The Wisdom of Sirach is not found in the Protestant Bible, and the Roman Catholics call it “deuterocanonical”. The odd thing, however, is that, in our Saviour’s time, the Jewish people honored these texts as “Holy Scripture.”
Proof of this are the many quotations from these holy books that can be found in the New Testament.
Furthermore, if the Protestants had not rejected so many books of the Holy Scriptures, there might well have never arisen among them such strange nineteenth century sects as the so-called Christian Scientists, who, as we know, reject the use of human medicine—often with disastrous results.
After all, as clear as a bell, the Wisdom of Sirach teaches us:
“Honor the physician with the honour due unto him for the uses yemay have of him: for the Lord created him….”
There are other valuable teachings in these holy books, as well. For example, there is one prophetic text that, in less than fifty words, sums up the entire purpose of the Incarnation of the Son of God.
In one sentence, in fact, it answers the question: why did God become man? This wonderful text is in the book, the Wisdom of Solomon, and in the clearest possible terms it tells us:
While all things were in quiet silence, and the night was in the midst of her swift course, Thine almighty Word leaped out of Heaven out of Thy royal throne, as a fierce man of war, into the midst of a land of destruction. (Wisdom of Solomon, 18:14-15)
We do, indeed, have a very different Bible from our non-Orthodox Christian friends.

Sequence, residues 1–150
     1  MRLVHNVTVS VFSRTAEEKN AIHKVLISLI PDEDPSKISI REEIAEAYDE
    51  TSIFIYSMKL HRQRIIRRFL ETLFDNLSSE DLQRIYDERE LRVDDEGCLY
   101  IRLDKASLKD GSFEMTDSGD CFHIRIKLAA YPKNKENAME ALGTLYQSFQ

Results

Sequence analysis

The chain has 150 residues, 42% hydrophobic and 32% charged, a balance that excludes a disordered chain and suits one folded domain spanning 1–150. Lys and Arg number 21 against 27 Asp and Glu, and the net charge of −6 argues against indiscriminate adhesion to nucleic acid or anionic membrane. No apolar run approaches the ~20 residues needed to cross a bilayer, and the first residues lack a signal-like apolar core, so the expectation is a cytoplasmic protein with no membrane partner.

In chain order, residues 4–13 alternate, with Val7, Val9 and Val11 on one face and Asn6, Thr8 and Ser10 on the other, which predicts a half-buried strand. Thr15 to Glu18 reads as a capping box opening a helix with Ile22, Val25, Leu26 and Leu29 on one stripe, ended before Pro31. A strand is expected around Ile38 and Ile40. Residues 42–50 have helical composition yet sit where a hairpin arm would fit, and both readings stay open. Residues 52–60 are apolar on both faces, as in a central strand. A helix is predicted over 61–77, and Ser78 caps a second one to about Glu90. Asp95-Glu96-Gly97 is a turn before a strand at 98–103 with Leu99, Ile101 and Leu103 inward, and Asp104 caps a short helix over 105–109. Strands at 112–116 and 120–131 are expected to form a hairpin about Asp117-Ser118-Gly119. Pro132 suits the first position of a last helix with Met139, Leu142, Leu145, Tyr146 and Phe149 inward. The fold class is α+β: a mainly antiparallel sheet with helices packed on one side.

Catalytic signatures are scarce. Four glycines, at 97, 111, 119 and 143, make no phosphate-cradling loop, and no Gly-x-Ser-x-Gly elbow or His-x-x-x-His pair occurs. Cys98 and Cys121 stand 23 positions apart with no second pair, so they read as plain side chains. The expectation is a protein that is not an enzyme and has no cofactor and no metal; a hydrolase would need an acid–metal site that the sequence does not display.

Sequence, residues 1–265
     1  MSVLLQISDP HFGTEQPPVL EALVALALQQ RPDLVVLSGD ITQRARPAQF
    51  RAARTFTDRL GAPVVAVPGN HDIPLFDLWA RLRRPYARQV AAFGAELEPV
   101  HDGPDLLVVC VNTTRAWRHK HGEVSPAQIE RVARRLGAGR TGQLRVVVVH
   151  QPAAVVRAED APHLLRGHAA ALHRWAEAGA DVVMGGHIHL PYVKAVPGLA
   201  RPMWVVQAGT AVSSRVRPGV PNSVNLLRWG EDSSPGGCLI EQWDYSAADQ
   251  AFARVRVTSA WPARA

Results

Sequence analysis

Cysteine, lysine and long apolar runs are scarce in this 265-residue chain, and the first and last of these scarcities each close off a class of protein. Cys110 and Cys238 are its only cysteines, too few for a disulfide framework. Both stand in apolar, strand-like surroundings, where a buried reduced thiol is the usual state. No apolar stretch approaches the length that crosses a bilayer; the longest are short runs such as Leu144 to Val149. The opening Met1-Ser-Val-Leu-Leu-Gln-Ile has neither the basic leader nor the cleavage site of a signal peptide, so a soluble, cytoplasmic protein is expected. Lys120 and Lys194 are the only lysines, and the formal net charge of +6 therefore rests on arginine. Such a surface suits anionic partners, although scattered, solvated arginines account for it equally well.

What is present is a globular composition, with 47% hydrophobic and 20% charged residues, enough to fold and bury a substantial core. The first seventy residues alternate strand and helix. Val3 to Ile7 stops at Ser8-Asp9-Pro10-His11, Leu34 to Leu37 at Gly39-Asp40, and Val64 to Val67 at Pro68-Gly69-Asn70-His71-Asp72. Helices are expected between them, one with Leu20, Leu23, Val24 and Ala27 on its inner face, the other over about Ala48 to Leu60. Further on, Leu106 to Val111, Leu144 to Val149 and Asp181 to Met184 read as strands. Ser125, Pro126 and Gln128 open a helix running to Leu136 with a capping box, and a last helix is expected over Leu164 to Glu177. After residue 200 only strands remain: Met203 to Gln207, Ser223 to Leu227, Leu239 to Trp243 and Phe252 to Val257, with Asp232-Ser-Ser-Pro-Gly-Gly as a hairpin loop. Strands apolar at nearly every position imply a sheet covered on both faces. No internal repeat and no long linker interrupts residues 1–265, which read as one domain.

Perhaps thirty or so years ago, a Protestant minister and his wife were visiting the monastery and I was assigned to give them “the tour.” We had seen the workshops, the refectory, the chapel and finally came to the area where the icons were on display, and I was telling the couple that the monastery was self-supporting. “One of the ways we support our monasteries by producing and selling these icons,” I explained to them. They knew about the traditional use of the holy icons in the Orthodox Church, so they were somewhat familiar with what they were seeing. Since it was the Paschal season, the icon of the Descent into Hades was in a prominent place of honor on the analogion and, therefore, caught the eye of the minister’s wife. “Oh, what is that icon?” she asked. “That depicts our Saviour’s Descent into Hades,” I responded.
“What’s that all about?” she asked, incredulously. Embarrassed by his wife’s reaction, the minister glanced at me nervously, and then back at his wife, and said, “Why yes, dear. You know about that, of course. It’s mentioned in one of the Epistles of Peter.”
Ah! If looks could kill, the minister would have been charged with homicide! Talk about awkward moments. It became obvious that the teaching about our Saviour’s descent to Sheol, the place of the dead, is not a prominent feature in Protestant Sunday schools. Yet it is clearly cited in the New Testament: